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SCOTUS and the Ninth

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The large portion of the Supreme Court's workload devoted to reversing Ninth Circuit habeas decisions has been noted here on several occasions. Doug Berman at SL&P regularly "kvetches" (his term) about the excessive attention to capital cases there. Today George Will weighs in, saying, "There should be two Supreme Courts, one to reverse the U.S. Court of Appeals for the 9th Circuit, the other to hear all other cases." He goes on to discuss the Belmontes case and briefly refers to Musladin. (Hat tip: Ward.)

The root cause of this is the Ninth itself. Rogue panel decisions are supposed to be overturned by the court en banc, but that almost never happens in the Ninth when the error favors the prisoner. The answer is to appoint enough persons of sense to the Ninth that they constitute a clear majority over Judge Reinhardt, et al. Then the court could clean up its own messes rather than having the Supreme Court devote an inordinate portion of its workload to doing so.

There are two vacancies on the Ninth and two stalled nominees for them. Come January, it will be impossible for any nominee to be confirmed on a party-line vote, so the Senate should proceed directly to an up-or-down vote. Citizens of Nevada, who have suffered as much as anyone under the Ninth, should write Senator Reid and insist on it.

2 Comments

See George Will's innovative suggestion (11/16). Instead of splitting the 9th, split the US Supreme Court--one Court to hear appeals from the 9th and the other Court to hear appeals from all of the other courts.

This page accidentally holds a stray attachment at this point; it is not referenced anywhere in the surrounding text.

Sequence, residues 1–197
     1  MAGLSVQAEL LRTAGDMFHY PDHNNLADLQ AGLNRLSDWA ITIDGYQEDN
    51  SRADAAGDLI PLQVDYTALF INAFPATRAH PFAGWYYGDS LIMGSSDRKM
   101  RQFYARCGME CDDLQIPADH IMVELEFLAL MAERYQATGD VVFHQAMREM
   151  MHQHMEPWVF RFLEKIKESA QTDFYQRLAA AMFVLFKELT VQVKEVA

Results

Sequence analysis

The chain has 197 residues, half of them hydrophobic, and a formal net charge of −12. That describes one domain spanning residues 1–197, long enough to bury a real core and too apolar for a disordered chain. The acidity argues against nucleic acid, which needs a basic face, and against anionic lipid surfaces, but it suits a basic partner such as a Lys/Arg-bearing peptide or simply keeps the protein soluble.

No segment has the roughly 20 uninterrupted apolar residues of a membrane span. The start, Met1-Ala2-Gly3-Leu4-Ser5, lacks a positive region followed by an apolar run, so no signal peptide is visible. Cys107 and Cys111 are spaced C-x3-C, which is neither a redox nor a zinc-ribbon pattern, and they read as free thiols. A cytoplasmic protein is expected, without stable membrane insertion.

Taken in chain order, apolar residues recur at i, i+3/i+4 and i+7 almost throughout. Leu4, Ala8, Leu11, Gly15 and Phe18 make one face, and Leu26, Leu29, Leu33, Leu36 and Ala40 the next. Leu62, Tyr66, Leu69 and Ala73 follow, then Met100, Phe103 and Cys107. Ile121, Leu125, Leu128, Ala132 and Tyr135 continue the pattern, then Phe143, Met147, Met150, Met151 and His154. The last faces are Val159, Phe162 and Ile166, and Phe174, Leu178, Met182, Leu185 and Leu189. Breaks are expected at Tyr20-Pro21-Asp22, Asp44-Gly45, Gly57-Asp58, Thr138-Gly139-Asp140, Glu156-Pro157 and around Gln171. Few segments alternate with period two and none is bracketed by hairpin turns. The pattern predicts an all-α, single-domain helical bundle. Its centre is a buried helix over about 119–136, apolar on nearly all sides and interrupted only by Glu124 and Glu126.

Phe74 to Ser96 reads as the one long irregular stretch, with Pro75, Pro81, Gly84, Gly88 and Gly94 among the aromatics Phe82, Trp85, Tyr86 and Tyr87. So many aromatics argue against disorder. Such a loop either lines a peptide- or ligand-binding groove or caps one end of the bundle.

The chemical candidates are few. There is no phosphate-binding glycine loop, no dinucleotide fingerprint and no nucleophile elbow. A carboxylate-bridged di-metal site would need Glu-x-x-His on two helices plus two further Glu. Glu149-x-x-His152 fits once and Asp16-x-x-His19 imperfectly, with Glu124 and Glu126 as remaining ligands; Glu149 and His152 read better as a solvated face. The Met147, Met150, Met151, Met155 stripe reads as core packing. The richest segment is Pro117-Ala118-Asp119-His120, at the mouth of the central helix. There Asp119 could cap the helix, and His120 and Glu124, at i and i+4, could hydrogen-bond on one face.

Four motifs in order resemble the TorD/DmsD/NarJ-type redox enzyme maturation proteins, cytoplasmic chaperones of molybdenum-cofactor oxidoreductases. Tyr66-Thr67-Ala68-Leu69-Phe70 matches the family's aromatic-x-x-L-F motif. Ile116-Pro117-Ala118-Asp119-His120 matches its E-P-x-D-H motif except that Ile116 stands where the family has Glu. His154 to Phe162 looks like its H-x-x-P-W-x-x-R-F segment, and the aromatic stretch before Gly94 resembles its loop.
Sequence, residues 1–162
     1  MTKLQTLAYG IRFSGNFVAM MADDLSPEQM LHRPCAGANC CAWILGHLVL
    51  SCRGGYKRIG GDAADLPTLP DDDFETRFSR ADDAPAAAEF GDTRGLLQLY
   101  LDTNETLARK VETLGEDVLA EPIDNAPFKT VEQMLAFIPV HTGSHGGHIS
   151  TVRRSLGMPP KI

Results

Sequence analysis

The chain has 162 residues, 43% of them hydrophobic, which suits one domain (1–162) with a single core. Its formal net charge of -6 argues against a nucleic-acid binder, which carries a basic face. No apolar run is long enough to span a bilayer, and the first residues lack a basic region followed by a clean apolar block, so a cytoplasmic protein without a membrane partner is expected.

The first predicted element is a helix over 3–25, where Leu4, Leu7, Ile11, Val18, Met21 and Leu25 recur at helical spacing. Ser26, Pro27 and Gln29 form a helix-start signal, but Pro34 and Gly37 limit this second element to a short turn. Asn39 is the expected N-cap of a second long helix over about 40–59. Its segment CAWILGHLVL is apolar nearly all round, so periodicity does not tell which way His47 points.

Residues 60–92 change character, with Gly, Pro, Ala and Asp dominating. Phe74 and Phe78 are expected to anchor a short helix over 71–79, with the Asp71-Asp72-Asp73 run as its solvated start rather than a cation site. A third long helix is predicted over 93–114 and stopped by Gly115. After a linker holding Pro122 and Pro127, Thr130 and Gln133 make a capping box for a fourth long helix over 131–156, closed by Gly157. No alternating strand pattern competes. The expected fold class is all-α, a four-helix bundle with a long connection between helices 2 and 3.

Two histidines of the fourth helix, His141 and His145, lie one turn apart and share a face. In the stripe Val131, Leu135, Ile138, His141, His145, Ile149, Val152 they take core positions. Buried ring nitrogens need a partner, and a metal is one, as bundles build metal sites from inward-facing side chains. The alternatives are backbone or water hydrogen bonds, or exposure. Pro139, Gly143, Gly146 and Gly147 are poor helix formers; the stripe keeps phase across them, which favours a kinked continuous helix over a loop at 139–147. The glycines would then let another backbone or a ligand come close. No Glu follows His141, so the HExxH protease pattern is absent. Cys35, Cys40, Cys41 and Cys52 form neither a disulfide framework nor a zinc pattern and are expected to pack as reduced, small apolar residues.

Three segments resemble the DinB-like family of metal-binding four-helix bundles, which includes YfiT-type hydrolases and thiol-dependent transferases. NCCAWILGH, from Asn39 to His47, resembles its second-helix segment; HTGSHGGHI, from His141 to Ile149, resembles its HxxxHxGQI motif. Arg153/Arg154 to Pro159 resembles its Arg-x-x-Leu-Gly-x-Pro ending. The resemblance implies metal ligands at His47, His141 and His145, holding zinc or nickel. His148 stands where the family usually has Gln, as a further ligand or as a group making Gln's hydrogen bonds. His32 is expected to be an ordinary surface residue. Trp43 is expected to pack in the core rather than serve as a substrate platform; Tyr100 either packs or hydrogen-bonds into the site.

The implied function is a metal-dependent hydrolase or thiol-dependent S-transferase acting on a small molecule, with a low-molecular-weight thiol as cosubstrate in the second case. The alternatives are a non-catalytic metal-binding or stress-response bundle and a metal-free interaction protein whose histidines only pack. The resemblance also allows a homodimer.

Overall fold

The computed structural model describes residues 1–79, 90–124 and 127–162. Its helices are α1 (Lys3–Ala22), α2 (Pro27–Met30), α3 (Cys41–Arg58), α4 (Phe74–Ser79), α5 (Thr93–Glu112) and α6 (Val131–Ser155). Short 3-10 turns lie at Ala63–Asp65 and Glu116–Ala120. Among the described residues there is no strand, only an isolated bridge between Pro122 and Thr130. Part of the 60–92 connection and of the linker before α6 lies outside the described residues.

With respect to Belmontes, Reinhardt and Paez can take comfort that their position garnered 4 votes. What is truly unfortunate about Stevens' dissent is not that he thought the instruction problematic and voted the way he did, but that his opinion gave cover to the actions of the Ninth in this case.

Had Stevens been intellectually honest, he would have written that he thought Boyde wrongly decided instead of saying that the dissent was consistent with Boyde. That would have taken away any cover for Reinhardt and Paez--since they are not at liberty to subvert Supreme Court precedent. Instead, Justice Stevens and his cohorts gave cover for judicial defiance. Given Justice Stevens' statements about the importance of the rule of law (See e.g., Bush v. Gore), his giving cover to the judicial defiance of Reinhardt and Paez is remarkable.

I guess judicial defiance is ok if it advances the cause of a brutal murderer. An interesting set of priorities.

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